FIGURE 2
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Figure 2. (A) Bar chart for pre-operative epirubicin, cisplatin, and a fluoropyrimidine (ECF). In the first column the adverse events are mentioned per row. In the second column the amount of patients with the AE per grade are mentioned compared to the total amount of patients who were treated with the regimen. In brackets the amount of studies are mentioned. The pooled estimated incidence for each AE is mentioned in the third column. The bars in the figure give the pooled estimate with 95% CI (line in black in the bar). Every bar has a specific color which corresponds with the grade of the AE (light blue grade 1–2, dark blue grade 3–4, and red grade 5). (B) Bidirectional bar chart for pre-operative epirubicin, cisplatin and a fluoropyrimidine (ECF). In the first column the adverse events are mentioned per row. In the second column the amount of patients with the AE per grade are mentioned compared to the total amount of patients who were treated with the regimen. In brackets the amount of studies are mentioned. The pooled estimated incidence for each AE is mentioned in the third column. The bars in the figure give the pooled estimate with 95% CI (line in black in the bar). Every bar has a specific color which corresponds with the grade of the AE (light blue grade 1–2, dark blue grade 3–4 and red grade 5).

FIGURE 3
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Figure 3. (A) Bidirectional comparative meta-analysis of pre-operative 5-fluorouracil/leucovorin-oxaliplatin-docetaxel (FLOT), epirubicin-cisplatin-fluoropyrimidine (ECF), and cisplatin-fluoropyrimidine (CF). In the column on the left of the figure the adverse events are mentioned per group of bar charts. The bars in the figure give the pooled estimate with 95% CI (line in black in the bar). Grade 1–2 AEs are depicted on the left of the figure and grade 3–4/5 on the right of the figure. The color of the bar chart indicates which regimen is depicted. (B) Bidirectional comparative meta-analysis of pre-operative 5-fluorouracil/leucovorin-oxaliplatin-docetaxel (FLOT), cisplatin-fluoropyrimidine (CF), and oxaliplatin-fluoropyrimidine (FOx). In the column on the left of the figure the adverse events are mentioned per group of bar charts. The bars in the figure give the pooled estimate with 95% CI (line in black in the bar). Grade 1–2 AEs are depicted on the left of the figure and grade 3–4/5 on the right of the figure. The color of the bar chart indicates which regimen is depicted.

Post-operative ECF was not associated with an increase in grade 3–4 adverse events compared to CF+RT. However, post-operative CF+RT showed less grade 1–2 toxicity (neutropenia, mucositis, hand foot syndrome) compared to post-operative ECF. There was no toxicity data available on post-operative treatment with FLOT, TCF, FOx or CF.

Overall, a pooled analysis of patients randomized to a pre-operative therapy arm did not reveal any significant increase in surgery related morbidity/mortality compared to patients who underwent immediate surgery (Figure 4). An exploratory analysis was performed between several different pre-operative regimens; patients who received pre-operative CF experienced significantly less total surgery related morbidity compared to pre-operative FLOT and pre-operative ECF.

FIGURE 4
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Figure 4. Surgical morbidity and mortality in patients treated with pre-operative therapy or with surgery alone. In the column on the left of the figure surgical outcomes are mentioned per group of bar charts. The bars in the figure give the pooled estimate with 95% CI (line in black in the bar). The color of the bar chart indicates if patients received pre-operative therapy before surgery. There was not enough information to make a distinction in severity of the surgical complications. For surgery alone there was no information available on the amount of medical complications and 90 day mortality.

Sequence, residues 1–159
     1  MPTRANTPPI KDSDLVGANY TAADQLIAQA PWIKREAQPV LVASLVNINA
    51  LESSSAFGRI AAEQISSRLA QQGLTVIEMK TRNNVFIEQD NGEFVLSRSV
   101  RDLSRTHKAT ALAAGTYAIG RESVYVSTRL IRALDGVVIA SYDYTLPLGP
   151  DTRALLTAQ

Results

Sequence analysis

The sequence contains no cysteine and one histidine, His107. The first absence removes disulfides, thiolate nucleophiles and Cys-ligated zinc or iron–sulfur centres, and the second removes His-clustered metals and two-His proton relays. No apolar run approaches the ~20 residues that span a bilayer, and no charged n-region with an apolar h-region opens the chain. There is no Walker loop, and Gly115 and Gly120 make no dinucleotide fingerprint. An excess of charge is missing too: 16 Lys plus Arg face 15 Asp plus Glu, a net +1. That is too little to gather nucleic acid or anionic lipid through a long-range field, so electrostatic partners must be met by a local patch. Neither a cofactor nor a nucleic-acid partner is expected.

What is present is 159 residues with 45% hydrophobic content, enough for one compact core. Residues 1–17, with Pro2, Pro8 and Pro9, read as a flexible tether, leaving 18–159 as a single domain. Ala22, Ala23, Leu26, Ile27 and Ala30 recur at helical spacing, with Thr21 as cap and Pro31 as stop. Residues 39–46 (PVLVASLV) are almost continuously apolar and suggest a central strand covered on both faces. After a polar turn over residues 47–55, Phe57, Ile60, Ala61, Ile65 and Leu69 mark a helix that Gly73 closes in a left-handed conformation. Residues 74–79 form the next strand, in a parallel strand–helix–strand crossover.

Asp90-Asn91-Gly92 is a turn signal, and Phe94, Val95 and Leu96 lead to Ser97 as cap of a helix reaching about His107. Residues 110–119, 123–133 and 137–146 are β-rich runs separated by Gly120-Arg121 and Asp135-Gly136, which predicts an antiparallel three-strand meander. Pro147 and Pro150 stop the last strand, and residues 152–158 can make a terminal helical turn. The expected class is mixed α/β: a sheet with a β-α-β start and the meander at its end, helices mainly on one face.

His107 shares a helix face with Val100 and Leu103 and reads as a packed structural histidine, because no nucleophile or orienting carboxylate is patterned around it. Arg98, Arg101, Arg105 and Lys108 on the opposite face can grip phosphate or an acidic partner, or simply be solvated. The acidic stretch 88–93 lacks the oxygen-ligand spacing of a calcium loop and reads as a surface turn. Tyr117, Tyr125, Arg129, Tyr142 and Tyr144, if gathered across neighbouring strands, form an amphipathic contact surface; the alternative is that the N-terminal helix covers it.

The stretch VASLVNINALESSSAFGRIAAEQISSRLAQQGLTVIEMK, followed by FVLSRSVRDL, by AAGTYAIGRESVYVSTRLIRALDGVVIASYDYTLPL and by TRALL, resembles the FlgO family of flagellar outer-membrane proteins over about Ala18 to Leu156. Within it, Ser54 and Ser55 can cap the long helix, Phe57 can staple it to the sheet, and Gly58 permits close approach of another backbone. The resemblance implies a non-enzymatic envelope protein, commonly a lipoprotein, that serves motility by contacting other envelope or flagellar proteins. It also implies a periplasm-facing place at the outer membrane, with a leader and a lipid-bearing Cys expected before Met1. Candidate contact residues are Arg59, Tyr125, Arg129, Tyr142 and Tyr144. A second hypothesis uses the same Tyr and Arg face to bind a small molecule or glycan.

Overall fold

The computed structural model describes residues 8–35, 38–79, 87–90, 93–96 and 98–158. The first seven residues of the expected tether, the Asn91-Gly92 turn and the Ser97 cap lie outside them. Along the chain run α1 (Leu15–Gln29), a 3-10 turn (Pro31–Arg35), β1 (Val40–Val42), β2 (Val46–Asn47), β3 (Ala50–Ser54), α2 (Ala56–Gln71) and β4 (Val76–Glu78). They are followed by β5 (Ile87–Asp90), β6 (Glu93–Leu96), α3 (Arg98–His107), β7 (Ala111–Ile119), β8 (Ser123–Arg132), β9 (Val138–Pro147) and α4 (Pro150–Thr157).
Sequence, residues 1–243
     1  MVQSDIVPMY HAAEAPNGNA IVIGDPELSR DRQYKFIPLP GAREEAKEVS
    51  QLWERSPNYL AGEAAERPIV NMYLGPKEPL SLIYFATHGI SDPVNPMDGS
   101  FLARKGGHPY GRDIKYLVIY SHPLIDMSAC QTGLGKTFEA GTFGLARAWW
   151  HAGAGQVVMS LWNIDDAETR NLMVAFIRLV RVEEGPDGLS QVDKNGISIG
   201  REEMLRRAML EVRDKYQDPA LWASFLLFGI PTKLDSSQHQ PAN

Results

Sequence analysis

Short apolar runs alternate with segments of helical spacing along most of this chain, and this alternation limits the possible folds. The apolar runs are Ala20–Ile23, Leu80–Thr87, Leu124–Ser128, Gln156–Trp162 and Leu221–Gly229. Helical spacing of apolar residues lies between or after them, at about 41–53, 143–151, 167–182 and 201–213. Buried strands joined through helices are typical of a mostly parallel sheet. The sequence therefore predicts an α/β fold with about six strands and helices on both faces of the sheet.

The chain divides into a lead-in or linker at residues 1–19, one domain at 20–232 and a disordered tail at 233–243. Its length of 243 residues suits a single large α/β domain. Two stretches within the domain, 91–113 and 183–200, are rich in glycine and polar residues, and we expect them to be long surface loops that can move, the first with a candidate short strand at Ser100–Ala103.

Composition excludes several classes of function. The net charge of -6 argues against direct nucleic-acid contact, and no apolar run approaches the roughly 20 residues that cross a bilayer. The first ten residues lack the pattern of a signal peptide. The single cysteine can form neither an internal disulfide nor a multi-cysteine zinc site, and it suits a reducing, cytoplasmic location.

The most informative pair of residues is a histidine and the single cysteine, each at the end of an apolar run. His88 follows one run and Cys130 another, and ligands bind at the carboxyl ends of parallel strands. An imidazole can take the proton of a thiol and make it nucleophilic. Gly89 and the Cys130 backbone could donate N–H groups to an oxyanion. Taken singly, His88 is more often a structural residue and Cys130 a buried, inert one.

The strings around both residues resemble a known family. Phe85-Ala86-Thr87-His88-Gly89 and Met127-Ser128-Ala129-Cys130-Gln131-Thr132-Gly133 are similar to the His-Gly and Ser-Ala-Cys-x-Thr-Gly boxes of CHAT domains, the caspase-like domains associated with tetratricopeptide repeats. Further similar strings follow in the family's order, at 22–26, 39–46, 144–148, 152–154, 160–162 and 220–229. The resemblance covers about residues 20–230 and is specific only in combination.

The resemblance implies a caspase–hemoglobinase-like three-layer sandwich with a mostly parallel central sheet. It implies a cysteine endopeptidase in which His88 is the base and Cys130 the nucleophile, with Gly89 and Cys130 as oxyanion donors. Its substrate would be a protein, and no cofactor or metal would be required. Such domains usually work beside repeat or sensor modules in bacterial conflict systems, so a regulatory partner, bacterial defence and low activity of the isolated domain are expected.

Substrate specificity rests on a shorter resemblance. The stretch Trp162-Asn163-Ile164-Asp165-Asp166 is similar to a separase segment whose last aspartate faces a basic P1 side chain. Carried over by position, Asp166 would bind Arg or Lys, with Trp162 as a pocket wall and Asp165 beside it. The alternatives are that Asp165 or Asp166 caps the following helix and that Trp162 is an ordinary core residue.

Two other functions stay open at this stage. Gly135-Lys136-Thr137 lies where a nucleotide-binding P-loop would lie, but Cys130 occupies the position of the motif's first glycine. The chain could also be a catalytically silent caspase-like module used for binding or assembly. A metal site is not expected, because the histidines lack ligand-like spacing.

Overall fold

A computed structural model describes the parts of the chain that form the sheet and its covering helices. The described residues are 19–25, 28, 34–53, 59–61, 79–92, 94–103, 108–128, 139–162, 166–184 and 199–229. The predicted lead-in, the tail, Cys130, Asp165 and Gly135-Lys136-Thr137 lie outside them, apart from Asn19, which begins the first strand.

TOXplot for Adjuvant Therapy

For 19 adjuvant regimens, we constructed bar charts with confidence intervals for AEs. Comparisons were made between FOx and CF, F, F+RT, or TF. Compared to FOx, the regimens CF and F+RT showed higher incidences of grade 3–4 AEs (stomatitis, anorexia, fatigue, neutropenia). Compared to F monotherapy and the doublet TF, the doublet FOx showed higher incidences of grade 3–4 adverse events (hematological toxicity and neuropathy). TF was also associated with a reduction in grade 1–2 AEs compared to FOx (Supplementary Table 4).

To investigate regimens based on individual compounds; S-1 monotherapy, 5-FU+RT, and CAPOX were separately compared (Figure 5). In terms of grade 3–4 adverse events, 5-FU+RT was significantly more toxic than CAPOX and S-1 monotherapy (hematological toxicity, anorexia fatigue, mucositis). Treatment with S-1 monotherapy was associated with more grade 1–2 adverse events compared to CAPOX and 5-FU+RT (Supplementary Table 5).

FIGURE 5
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Figure 5. Bidirectional comparative meta-analysis of adjuvant S-1, CAPOX or 5-FU+RT in patients who did not receive pre-operative therapy. In the column on the left of the figure the adverse events are mentioned per group of bar charts. The bars in the figure give the pooled estimate with 95% CI (line in black in the bar). Grade 1–2 AEs are depicted on the left of the figure and grade 3–4/5 on the right of the figure. The color of the bar chart indicates which regimen is depicted.

Heterogeneity

For several pooled proportions with more than one RCT significant (p < 0.05) heterogeneity was observed using the Q-test. The I2 values of these pooled AEs in the individual or bidirectional comparative COMplots ranged from 53 to 99%.

Discussion

In this article, we have presented a novel overview of toxicity and surgical complications for the curative treatment of gastric cancer. The method in this paper is based on an article we published earlier on the toxicity profiles of first line chemotherapy in advanced gastroesophageal cancer (64). We conducted multiple random effect meta-analyses, based on individual treatment arms from RCTs. Using COMplot, we constructed a graphical presentation with pooled proportions and confidence intervals. Based on the performed analyses, we conclude that pre-operative therapy is not associated with an increase in surgery related morbidity or mortality compared to surgery alone. Pre-operative treatment with FLOT chemotherapy is not associated with a large increase in grade 3–4 AEs compared to pre-operative ECF, CF, or FOx. For adjuvant regimens, S-1 is associated with fewer grade 3–4 adverse events compared to CAPOX and 5-FU+RT.